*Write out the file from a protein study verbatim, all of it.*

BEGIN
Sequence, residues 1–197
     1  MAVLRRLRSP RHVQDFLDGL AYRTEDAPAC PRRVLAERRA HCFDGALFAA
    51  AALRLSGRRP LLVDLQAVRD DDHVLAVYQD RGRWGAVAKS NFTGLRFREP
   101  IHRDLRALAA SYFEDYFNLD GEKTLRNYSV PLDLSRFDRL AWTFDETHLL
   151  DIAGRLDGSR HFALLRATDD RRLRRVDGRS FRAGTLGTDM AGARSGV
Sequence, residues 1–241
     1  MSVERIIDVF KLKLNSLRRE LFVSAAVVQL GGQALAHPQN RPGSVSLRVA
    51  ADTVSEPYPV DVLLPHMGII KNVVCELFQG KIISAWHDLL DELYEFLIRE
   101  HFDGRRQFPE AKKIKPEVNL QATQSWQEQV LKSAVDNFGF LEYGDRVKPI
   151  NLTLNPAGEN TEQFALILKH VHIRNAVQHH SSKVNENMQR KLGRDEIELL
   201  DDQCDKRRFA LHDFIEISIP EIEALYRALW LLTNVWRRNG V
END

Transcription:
Sequence, residues 1–197
     1  MAVLRRLRSP RHVQDFLDGL AYRTEDAPAC PRRVLAERRA HCFDGALFAA
    51  AALRLSGRRP LLVDLQAVRD DDHVLAVYQD RGRWGAVAKS NFTGLRFREP
   101  IHRDLRALAA SYFEDYFNLD GEKTLRNYSV PLDLSRFDRL AWTFDETHLL
   151  DIAGRLDGSR HFALLRATDD RRLRRVDGRS FRAGTLGTDM AGARSGV
Sequence, residues 1–241
     1  MSVERIIDVF KLKLNSLRRE LFVSAAVVQL GGQALAHPQN RPGSVSLRVA
    51  ADTVSEPYPV DVLLPHMGII KNVVCELFQG KIISAWHDLL DELYEFLIRE
   101  HFDGRRQFPE AKKIKPEVNL QATQSWQEQV LKSAVDNFGF LEYGDRVKPI
   151  NLTLNPAGEN TEQFALILKH VHIRNAVQHH SSKVNENMQR KLGRDEIELL
   201  DDQCDKRRFA LHDFIEISIP EIEALYRALW LLTNVWRRNG V